I've tried trading ES on the Nadex platform. They offer a 1/5 version of ES in the form of bullspreads. It is regulated by the CFTC and legal in the US. Some huge issues with it is that they do not allow you to put stops or limits in, the bull spreads would charge you huge premium if you wanted to cap your risk, and there was a lot of slippage in prices that would mess you up.
I look at it as a way to build discipline, but it is very hard to build confidence when you have to stay at your screen making sure your risk target isn't tagged.
If there was another version of this I would definitely check it out, but I feel it would struggle with the same issue.
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Looks a bit like CFDs and ETFs - question would be if you can trade overnight and still afterhours.
Over all it is likely to be much pricier to trade 5 micros than one mini because of margin, spreads,
bad fills etc. With this a slight gain for a rookie is melting to zero or negative.
One has to think that volume flowing away from one instrument influences all dependent as well
as the original one: less volume finally in the mini means more volatility and stops set at the same
level are suddenly at higher risk!
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Interesting poll. Not what I expected. It is currently showing 30% would not trade a Micro-ES contract.
Can those of you who voted "no" please post a bullet list stating why not?
I have been pushing the CME to release a micro-index product for reasons others as well as Mike have discussed here. I have met with upper management, etc. I want to make sure all views on this product are covered at our next meeting.
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I actually voted yes, but that is only because there was no "Yes until you are more comfortable trading multiple contracts on an instrument that is bigger, but has a tighter spread, more liquidity and lower commissions" option.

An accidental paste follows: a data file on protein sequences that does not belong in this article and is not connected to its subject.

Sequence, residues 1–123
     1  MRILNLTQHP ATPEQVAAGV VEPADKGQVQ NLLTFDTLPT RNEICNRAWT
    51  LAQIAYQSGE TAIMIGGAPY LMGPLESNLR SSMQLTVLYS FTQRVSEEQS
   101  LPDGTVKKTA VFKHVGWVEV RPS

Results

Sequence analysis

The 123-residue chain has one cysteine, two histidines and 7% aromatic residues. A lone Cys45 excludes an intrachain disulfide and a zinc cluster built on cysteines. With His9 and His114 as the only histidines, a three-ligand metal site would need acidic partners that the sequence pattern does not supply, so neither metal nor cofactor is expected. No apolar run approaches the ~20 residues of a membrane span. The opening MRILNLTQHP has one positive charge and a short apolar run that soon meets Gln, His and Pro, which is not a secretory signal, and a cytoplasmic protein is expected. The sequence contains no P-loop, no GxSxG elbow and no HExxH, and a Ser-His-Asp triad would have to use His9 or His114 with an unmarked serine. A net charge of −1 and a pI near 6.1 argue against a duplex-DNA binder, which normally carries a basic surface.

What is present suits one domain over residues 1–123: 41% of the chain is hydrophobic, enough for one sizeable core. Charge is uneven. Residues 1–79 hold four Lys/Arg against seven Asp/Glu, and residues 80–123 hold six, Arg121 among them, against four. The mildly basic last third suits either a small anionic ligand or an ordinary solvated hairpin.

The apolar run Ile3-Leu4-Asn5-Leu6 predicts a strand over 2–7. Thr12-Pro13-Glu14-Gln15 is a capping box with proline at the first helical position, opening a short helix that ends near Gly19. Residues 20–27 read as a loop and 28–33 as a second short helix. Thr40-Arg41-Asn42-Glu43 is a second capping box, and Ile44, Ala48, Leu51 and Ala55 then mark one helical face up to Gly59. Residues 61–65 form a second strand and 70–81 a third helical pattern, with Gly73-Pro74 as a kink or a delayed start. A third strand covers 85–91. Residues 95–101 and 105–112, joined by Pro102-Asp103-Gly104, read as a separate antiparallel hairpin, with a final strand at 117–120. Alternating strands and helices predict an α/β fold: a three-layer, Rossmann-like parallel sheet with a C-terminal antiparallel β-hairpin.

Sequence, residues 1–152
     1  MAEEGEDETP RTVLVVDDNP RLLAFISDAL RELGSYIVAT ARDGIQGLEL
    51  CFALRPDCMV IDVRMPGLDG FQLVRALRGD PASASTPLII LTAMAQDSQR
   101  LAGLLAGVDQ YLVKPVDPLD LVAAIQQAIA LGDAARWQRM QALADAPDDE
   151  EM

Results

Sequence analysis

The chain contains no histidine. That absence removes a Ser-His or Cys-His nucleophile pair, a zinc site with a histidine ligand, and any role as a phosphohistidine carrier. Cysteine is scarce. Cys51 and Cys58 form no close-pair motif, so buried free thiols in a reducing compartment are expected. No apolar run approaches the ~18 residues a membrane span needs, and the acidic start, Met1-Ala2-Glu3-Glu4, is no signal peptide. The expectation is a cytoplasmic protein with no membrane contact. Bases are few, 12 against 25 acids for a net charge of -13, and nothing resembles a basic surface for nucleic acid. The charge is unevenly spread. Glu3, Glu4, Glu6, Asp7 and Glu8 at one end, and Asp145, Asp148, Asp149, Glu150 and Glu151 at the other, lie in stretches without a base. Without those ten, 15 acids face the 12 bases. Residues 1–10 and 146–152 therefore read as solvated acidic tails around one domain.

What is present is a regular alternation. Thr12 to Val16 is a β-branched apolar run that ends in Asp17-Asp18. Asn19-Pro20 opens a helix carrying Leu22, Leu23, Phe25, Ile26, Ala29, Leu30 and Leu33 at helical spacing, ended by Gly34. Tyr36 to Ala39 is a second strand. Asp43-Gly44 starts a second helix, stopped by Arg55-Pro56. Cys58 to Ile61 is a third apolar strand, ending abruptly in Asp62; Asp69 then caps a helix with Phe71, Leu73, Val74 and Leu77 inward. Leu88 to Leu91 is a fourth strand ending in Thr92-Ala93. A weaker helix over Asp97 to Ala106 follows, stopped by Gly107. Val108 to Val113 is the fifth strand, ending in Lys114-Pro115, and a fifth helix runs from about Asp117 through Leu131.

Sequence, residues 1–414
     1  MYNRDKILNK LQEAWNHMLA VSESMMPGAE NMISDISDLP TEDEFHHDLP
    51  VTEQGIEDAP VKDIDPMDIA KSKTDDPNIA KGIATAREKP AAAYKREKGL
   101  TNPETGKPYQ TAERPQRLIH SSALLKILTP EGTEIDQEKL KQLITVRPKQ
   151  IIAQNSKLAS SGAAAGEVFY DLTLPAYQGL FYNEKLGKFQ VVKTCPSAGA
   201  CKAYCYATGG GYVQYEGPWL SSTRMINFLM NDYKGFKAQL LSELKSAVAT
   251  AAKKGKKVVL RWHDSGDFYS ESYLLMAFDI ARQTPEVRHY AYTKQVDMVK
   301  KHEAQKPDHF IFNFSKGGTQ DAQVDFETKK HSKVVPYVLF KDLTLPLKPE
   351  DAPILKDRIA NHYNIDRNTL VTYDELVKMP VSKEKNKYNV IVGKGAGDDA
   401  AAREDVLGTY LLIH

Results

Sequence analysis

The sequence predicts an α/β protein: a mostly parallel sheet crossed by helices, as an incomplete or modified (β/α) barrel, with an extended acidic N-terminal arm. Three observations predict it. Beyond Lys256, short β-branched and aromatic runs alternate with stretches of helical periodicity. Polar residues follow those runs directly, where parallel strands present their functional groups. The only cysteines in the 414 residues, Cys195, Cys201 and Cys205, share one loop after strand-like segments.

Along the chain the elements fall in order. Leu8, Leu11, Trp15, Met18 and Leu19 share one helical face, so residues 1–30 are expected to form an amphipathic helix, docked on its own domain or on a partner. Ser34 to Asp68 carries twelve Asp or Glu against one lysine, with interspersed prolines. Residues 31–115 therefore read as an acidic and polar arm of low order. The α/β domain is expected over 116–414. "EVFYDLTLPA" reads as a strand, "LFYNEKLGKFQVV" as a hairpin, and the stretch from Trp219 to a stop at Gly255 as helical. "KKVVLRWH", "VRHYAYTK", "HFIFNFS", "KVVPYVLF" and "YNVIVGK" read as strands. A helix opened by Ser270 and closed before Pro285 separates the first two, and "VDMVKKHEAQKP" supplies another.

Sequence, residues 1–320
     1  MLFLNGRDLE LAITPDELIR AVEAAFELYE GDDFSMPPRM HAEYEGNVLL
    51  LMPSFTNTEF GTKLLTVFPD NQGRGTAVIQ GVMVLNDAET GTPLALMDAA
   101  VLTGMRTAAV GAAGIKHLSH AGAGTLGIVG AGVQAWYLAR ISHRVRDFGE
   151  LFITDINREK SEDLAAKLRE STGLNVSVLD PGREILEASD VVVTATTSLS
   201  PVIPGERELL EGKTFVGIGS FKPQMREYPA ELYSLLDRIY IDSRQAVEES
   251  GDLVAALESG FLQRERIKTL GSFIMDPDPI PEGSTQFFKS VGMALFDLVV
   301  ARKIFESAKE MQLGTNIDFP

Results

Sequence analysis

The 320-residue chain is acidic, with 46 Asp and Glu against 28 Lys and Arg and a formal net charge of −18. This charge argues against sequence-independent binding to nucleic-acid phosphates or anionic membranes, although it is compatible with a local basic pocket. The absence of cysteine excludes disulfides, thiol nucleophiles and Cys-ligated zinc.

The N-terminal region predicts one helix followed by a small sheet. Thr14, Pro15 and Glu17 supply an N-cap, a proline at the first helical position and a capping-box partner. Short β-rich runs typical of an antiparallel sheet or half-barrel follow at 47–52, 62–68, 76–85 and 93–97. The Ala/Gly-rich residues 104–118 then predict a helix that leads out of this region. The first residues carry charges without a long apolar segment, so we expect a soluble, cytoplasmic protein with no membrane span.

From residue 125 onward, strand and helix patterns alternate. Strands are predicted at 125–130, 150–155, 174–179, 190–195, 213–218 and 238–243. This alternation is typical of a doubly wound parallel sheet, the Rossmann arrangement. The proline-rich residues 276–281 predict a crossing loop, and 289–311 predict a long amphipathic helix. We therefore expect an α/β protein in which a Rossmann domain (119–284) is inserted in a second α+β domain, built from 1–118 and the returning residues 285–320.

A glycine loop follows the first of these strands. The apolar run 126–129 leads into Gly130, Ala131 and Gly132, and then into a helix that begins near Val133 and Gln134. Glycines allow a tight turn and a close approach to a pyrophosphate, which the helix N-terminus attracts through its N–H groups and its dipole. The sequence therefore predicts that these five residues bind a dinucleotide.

One thing I hadn't considered that came from this thread was that a micro contract could be held longer, which might be an appeal to some traders who are OK with trading the ES, but only trade short timeframes. In that case the issues above would be less of an issue. Maybe some more experienced traders hadn't considered this either.
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I'm reminded of https://futures.io/elite-circle/4861-comparing-index-futures.html bmt thread by this discussion, courtesy of Fat Tails. I'm not 100% sure if that commentary is relevant to this, but if I'm on the right track here, then the new contract should have proportional tick value and lower commissions such that it does not severely impact expectancy of the trader in favor of the broker, dealers and/or the exchange. It would be unfortunate if it resembled mini spy options that leave all fees and commissions as their bigger brother and just offer smaller leverage, negatively impacting trading profitability.
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I voted 'yes', but I agree with the above comments.. No one would be interested if the fees and commissions are not reduced, if not correspondingly, then by a fair amount. I may be wrong but in retail spot forex, the spreads are relative to the size of the contracts.. so the spread for a 1 lot is 10x that for a mini-lot (0.1 lot), and 100x that for a micro-lot (0.01 lot).
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In the UK the spread betting platforms offer better features, flexibility and tax regimes.
For UK and Europeans the FDAX is a far better instrument than ES anyway (imho).
Otherwise concerns would be the sort of liquidity issues and traps that users of the micro M6E have experienced.
The following user says Thank You to ratfink for this post:
"Better" would be a matter of opinion, as you state--but a fact is that the DAX is a much more volatile index that has much higher exchange margins for that very reason. It is not comparable at all to the ES, and tends to behave more like crude oil from my (limited) observation of it.
FESX, the Euro Stoxx 50, is a much more similar instrument to ES than the DAX, and would be a much more suitable substitution for the ES than the DAX, IMO. But many European traders like to trade the ES, so it's kind of a moot point anyway, for someone looking for a micro sized product.
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